TWO Ipswich riding school owners have been convicted of animal cruelty for starving six horses on their property.
Troy Lawrence McIntosh, 30, and Mary Eliza Goodwin, 28, were the joint owners and operators of a riding school business Beleg Faer Equestrian at Minden.
Ipswich Magistrates Court heard the pair started the riding school in 2010 but a report was made to RSPCA Qld in August 2011 with regards to concerns for the welfare of the horses.
The RSPCA launched an investigation which found six horses had been starved by the pair.
Three of the horses relating to the charges were not owned by the defendants and had been leased from different owners.
Both pleaded guilty to six counts each of animal cruelty and were fined $2000 each without a conviction recorded.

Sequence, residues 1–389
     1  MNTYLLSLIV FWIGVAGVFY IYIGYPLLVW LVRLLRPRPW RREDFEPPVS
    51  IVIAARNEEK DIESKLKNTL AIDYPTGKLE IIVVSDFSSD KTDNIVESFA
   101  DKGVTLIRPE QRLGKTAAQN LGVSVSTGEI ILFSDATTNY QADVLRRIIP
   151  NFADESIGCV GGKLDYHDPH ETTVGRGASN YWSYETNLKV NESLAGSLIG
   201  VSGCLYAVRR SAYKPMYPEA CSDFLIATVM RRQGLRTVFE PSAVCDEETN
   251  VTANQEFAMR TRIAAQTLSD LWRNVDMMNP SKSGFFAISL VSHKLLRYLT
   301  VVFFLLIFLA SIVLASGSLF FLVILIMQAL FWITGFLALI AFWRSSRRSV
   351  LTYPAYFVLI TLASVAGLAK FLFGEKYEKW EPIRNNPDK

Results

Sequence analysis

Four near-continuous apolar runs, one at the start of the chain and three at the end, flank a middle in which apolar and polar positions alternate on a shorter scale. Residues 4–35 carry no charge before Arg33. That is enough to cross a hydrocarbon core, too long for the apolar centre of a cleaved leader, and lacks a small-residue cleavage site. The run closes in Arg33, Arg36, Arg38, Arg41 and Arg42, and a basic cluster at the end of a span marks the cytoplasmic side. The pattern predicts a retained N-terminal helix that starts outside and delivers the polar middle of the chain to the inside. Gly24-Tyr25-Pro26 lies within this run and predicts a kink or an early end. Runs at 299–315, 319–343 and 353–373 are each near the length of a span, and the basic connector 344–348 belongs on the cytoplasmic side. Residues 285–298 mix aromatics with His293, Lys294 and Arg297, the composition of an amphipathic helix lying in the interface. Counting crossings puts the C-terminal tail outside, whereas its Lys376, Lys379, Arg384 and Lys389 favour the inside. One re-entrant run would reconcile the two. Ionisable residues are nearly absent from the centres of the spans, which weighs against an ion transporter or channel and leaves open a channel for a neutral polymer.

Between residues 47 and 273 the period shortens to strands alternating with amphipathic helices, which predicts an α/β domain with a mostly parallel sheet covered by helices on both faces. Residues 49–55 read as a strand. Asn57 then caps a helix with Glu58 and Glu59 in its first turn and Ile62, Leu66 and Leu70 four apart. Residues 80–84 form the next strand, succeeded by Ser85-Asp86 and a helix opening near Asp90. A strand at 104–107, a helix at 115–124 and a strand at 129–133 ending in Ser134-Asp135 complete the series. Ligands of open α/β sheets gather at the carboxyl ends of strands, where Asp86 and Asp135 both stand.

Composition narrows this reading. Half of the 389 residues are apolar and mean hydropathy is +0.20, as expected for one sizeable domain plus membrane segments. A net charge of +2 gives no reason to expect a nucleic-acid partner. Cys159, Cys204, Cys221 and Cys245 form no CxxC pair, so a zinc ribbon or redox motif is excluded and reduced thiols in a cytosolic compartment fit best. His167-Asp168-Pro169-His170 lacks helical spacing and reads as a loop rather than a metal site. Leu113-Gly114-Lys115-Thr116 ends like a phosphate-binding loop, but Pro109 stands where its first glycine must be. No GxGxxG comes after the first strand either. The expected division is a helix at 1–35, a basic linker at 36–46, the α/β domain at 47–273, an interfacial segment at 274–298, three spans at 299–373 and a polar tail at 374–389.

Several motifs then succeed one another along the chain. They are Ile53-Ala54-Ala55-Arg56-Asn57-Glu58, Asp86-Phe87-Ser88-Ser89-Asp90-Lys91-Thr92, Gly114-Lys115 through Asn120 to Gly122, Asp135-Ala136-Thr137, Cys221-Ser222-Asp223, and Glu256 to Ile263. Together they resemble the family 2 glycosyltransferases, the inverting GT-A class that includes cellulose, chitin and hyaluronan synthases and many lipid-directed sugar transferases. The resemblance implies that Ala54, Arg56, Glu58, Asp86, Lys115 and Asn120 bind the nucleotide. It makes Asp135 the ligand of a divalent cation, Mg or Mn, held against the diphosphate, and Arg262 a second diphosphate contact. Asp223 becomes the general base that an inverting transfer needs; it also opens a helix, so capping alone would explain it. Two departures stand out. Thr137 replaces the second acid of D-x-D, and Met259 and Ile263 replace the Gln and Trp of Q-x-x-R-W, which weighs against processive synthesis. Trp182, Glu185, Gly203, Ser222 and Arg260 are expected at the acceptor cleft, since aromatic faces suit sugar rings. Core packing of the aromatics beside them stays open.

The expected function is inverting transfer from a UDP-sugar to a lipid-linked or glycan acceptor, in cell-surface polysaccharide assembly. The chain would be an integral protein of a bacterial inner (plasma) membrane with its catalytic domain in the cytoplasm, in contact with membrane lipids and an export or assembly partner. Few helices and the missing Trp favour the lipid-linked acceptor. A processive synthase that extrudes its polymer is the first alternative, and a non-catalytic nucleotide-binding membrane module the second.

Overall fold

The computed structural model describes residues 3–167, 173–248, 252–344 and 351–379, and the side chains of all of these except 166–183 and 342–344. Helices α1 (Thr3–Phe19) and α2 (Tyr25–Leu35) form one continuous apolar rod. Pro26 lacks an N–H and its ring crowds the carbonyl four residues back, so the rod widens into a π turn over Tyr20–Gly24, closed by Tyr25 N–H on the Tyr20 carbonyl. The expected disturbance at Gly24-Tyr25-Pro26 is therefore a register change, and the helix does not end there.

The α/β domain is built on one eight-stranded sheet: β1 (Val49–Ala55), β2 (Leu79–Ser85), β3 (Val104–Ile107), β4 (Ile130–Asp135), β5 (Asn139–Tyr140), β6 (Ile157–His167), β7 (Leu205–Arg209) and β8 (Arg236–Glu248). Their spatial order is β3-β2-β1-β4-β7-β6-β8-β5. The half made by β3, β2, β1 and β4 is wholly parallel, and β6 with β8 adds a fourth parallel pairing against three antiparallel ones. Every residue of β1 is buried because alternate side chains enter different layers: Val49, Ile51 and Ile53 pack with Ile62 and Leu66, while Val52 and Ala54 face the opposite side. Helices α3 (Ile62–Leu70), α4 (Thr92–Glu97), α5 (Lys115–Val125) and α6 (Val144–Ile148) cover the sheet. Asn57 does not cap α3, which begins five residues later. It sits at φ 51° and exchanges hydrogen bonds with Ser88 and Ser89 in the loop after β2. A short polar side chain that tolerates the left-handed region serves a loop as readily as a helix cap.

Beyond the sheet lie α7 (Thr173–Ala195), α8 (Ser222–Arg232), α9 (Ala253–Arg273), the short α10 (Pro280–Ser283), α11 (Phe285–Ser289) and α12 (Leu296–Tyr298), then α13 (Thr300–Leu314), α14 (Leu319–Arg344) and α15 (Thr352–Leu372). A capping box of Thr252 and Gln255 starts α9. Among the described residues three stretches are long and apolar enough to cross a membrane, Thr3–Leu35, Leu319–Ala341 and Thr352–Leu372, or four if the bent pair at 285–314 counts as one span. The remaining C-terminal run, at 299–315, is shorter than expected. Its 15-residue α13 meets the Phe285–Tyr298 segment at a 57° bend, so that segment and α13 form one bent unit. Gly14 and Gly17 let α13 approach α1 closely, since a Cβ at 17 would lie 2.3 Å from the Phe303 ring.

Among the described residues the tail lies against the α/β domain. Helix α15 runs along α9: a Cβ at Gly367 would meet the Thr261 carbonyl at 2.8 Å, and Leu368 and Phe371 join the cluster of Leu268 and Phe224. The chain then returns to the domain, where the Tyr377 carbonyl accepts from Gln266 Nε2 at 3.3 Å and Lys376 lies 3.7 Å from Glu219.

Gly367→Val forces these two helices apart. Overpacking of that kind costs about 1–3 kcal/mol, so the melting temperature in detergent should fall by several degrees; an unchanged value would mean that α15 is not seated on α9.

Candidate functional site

They were also ordered to pay $4500 in costs but weren't banned from owning any animals.
The Queensland Times understands the couple are still operating a riding school under a different name.
Standardbred Association of Queensland (SAQ) president Reg Armstrong said people who opened riding schools didn't have to be affiliated with any equine association.
"The SAQ has to be transparent to all our members as to where horses are and their welfare, but laws in Queensland means anyone can set a riding school up," Mr Armstrong said.
"We knew Ms Goodwin prior to the incident and she used to present horses in a very good condition at shows so it was quite surprising when we heard. When we saw the condition of the horses it was shocking.
"The RSPCA and SAQ took control of the horses, and got them up to a good condition again and rehomed them."
Mr Armstrong said he was happy the couple pleaded guilty as it meant they'd acknowledged their guilt "to a certain extent".
"Despite all the costs of what the RSPCA and the SAQ had to put into the horses, and the heartache of those volunteers who had to see them in that terrible condition, we have to abide by court's decision."